TBA: 2024, 2025 Rams with twin-turbo inline sixes

Ram has yet to announce changes to its 2024 models, which makes sense given that they usually come out in August. Either the 2024s or 2025s are likely to jettison the Hemi V8s in favor of Hurricane Sixes, with the possible exception of the 6.4 liter truck engines in the Heavy Duty lineup.

Hurricane Twin Turbo

Ram has yet to talk about this, but officials have already said the Hemi is on borrowed time. Jeep uses the 4xe system in the Grand Cherokee and Wrangler as a more powerful alternative to the Pentastar V6; and they use the Hurricane now in the Wagoneer and Grand Wagoneer, replacing both the 5.7 and 6.4 Hemi engines (which are still available in the lowest trim levels). Before the Hurricane can more forward, though, Stellantis will have to figure out how to make enough of them. This may give the Hemi a bit more life, especially since the next-generation Charger and Challenger will almost certainly draw on Hurricanes as well.

Hurricane twin turbo six

The Jeep Wagoneer and Grand Wagoneer are built on the Ram “DT” platform, so it’s clearly possible to add it to the Ram 1500.  The Hurricane 510 would be enough, with 510 hp and 500 lb-ft of torque, for “most powerful” bragging rights in the Ram 1500. The big question now is timing. The 2024 model year may be too early; STLA Frame’s first vehicle, the Ram 1500 REV, is set to be a 2025. That suggests that the Ram 1500 “DU” series may arrive for the 2025 model year, and that’s when we’d expect the Hurricane; it would give the company enough time to add enough six-cylinder production. It’s replacing the Hemi at Saltillo, where there’s clearly enough room to make one or the other, but probably not both—and supply constraints are not desirable. That suggests the company may be assuming some volume will move over to a parallel-to-4xe setup, or that they are cleverer than we expect.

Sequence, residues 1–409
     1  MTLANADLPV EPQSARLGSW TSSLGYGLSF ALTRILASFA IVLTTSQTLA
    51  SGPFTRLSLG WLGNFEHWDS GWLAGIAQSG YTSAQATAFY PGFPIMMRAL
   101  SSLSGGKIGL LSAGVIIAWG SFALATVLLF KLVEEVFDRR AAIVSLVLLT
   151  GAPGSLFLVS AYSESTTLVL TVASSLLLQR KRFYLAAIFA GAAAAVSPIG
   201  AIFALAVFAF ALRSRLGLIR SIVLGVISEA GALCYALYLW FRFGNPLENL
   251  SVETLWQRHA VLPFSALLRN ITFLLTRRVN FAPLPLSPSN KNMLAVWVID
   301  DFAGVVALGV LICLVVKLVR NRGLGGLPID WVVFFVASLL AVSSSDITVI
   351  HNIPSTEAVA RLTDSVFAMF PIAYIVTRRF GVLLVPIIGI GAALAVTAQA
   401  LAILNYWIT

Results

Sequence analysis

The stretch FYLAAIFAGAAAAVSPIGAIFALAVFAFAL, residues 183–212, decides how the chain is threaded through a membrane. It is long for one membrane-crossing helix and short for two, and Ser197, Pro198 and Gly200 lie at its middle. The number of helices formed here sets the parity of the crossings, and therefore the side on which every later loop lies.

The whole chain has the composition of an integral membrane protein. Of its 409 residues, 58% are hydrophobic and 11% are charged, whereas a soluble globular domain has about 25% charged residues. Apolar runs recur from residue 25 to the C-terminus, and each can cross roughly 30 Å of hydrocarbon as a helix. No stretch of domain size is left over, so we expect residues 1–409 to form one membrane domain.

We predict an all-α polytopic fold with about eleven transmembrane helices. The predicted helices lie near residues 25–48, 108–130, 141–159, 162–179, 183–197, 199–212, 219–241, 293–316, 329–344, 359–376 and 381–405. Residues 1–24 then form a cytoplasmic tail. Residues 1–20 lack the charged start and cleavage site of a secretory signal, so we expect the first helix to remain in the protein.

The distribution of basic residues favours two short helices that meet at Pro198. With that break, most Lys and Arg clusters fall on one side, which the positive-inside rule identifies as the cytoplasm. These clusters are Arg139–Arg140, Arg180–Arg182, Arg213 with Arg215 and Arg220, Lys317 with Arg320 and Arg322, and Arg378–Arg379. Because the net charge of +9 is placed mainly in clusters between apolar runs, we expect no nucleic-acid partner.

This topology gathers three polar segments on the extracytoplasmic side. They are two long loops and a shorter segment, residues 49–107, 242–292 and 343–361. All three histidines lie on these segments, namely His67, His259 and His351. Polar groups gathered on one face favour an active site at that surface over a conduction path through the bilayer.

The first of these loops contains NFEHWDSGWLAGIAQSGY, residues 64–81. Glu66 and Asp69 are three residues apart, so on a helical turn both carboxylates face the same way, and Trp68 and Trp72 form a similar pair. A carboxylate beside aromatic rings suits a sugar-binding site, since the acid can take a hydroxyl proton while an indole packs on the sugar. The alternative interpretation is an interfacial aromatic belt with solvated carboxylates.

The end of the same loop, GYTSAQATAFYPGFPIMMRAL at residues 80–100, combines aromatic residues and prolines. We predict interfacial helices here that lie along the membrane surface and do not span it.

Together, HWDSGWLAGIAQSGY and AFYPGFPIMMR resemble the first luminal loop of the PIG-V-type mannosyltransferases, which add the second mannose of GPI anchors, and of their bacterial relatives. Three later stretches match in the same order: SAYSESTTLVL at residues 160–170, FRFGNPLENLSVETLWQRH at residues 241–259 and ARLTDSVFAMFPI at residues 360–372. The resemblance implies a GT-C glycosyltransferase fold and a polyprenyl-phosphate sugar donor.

On the other hand, adding the Hurricane as an option would both gauge customer acceptance and provide some real-world feedback, to a degree easing the testing of, and switch to, the Hurricane. It’s rarely good to replace everything at once. 2024 is, then, still possible. And, of course, so is keeping the gasoline 2025 Ram 1500 on DT while making the Ram 1500 REV on DU.

As for the 6.4 truck Hemi: it may continue on, since “heavy duty” pickups such as the Ram 2500 and 3500 don’t have quite the same fuel-economy pressure, and many would prefer a solid, overbuilt V8 engine for true trucking work. When this is phased out, it could be replaced by a specially tuned truck Hurricane which puts out less power but is coupled with electric motors for greater torque, the idea being to provide a less stressed powertrain for heavy hauling over the long term.

Even with the new information and passage of time, our conclusion remains the same as in FebruaryRam will almost certainly be adopting the Hurricane twin-turbo in-line six, but when this will happen remains open to debate.

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